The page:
Bobby Worrest: In recent years Bobby Worrest’s inclusion on such a list may have served merely as Facebook Timeline-ready clickbait for aging e-commercers reminiscing on early Brick Harbor clips, but consider: Ten years into his career, the DC-area’s kid beard has sidestepped career distractions as varied and alluring as shoe-sponsor travails and a potential second life as a right-wing pundit, only to switch backside noseblunt a handrail in one of his three video parts this year, each certified urban grade with no artificial flavors and seasonings. A hard-earned corporate sponsor paycheck may be a consolation prize if Thrasher fails to be won over by days of Pulaski clip-logging.

Wes Kremer: Similar to now-teammate Jake Brown giggling his way around the loop at Tampa that one year, Wes Kremer wobblingly cruised through to late-summer bomb the galaxy via an unassuming video that contained a wallie late-shove it over a chunky hubba, a slappy b/s 5-0 down some other hubba and one of the larger switch backside bigspin flips on offer recently. (It also copped a TWS cover for the curtain call, which you could look like as a plus or a minus in Thrasherland.) Then this week he did it again, running yet another slappy variation down the Clipper ledge, hucking massive shifty kickflips and resurrecting hallowed Peter Smolik career touchstones. Wes Kremer approaches Jake Johnson level wallrides, keeps his bushings slack and meanwhile seems like he’d be doing much the same shit whether they were handing awards out for it or not, so the Phelps brain-trust could easily do worse.

Torey Pudwill: With the mane of a virile walrus and a love interest that could’ve come off the arm of a freshly IPO’d internet mogul, Torey Pudwill hardly requires Thrasher’s most-exclusive title to achieve fulfillment, but there he was last summer, bringing back the so-called suski grind, pushing his ever-longer backside tailslides and exhibiting that generally ludicrous pop en route to what’s billed as a blockbuster entry in the Plan B video, which for real really is seriously coming out. Torey Pudwill gifted unto High Speed Productions two Thrasher covers this year, but does his wiggly armed comet orbit close enough to the magazine’s star to get him over?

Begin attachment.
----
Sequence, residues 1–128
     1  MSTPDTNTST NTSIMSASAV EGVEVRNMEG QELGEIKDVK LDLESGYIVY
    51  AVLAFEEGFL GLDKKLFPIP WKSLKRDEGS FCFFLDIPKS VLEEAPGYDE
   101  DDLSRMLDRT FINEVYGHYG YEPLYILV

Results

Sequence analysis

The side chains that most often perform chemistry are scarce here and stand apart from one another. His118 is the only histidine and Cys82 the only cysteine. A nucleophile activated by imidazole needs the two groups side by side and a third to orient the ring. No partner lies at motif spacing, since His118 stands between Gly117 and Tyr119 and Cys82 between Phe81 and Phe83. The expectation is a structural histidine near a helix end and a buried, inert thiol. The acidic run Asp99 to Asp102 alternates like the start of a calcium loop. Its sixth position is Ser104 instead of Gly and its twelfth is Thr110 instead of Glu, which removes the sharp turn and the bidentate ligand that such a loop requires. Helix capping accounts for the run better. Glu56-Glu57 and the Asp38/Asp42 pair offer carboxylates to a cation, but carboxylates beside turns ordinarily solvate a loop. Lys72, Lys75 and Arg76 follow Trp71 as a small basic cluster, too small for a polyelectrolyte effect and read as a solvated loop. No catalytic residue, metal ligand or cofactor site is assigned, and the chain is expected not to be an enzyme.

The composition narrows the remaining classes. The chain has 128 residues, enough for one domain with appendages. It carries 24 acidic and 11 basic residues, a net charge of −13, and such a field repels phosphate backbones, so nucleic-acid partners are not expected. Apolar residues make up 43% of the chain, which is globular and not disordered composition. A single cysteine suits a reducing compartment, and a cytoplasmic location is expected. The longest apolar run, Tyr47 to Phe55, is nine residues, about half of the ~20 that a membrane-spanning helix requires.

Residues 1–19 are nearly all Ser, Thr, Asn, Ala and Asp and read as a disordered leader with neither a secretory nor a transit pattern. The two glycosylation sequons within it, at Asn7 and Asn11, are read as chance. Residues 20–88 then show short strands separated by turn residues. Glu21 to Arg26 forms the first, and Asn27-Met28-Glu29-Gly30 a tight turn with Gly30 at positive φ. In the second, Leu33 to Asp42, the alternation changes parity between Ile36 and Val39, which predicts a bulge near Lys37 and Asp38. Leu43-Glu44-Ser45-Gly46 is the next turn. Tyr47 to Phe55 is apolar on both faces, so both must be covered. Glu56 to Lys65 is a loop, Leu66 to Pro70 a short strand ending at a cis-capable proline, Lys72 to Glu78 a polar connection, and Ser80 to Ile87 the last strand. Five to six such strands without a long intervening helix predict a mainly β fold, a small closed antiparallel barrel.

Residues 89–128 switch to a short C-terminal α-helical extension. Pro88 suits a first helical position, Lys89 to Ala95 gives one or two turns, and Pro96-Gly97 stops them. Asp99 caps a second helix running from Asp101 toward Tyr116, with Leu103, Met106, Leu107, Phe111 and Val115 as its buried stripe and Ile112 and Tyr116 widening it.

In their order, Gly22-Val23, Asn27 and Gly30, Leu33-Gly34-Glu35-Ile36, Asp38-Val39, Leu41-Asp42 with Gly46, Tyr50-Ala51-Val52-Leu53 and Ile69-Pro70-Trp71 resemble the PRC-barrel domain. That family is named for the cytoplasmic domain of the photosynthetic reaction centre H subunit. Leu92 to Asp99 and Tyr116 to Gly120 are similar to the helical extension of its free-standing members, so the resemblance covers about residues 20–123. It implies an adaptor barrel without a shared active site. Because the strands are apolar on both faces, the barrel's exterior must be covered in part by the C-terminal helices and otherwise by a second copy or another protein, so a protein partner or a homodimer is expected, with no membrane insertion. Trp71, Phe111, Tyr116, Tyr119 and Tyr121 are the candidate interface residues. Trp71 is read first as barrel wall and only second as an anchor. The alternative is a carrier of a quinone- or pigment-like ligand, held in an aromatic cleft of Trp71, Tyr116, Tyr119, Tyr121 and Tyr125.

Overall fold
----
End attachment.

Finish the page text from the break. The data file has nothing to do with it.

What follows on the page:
Dylan Rieder: Our black leather pant-clad dark horse candidate, Dylan Rieder’s muscular pop and eye for Soviet-era public art as background flair got him onto the front of Thrasher earlier this year, sporting sunglasses to boot. For all those years of brutality when Heath Kirchart prowled under the radar, could Dylan Rieder’s zeitgeist-capturing turn in Bill Strobeck’s “Cherry” and Berlin residency — including that pop out of the noseblunt — in support of his latest pro-model wing tip be too much for the Thrasher camp to resist? No other name on this list brought nudity to the table the way Dylan Rieder has this year; levels yall.

Separately, if Danny Way repeated off the strength of his Mega-RampingTM “DC Video” part last decade, should Tony Hawk merit a mention for recording two parts this year with time left over to tame the Nessie-like hoverboard? Where does Mark Suciu’s MJ-sized “Search the Horizon” opus fall for Thrasher’s fiscal-year purposes? How many Wasserman Clients this year will garner a coveted nomination?

Bobby Worrest’s Phenomenal Pulaski Part Offers A Glimpse Of The Great Skate Recession

March 9, 2014

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While recent ‘one-spot’ video sections have generally revolved around transition of one type or another, be it DIY concrete (Chet Childress, ‘God Save the Label’), mega-scope wood scaffolding (Bob Burnquist, ‘Dreamland’) or backyard dipping bowl (Lance Mountain’s still-amazing part from ‘Xtremely Sorry’), Eastern coast action-sport action hero Bobby Worrest this week released via the Internet a for-concentrate edition of his grimy, technical stylings filmed entirely at DC’s famed Pulaski Park. It’s easy to formulate arguments around why this is probably the ideal setting for Bobby Worrest’s brand of unvarnished ledge gnawing, the white and brownish blocks serving themselves up for any number of switch backside kickflips and noseslides, that seat-of-the-pants 180 nosegrind revert and a rarely observed backside noseblunt shove-it, peppered with various over-the-shoulder traffic checks, nose stalling and an abrupt half-cab end-runner.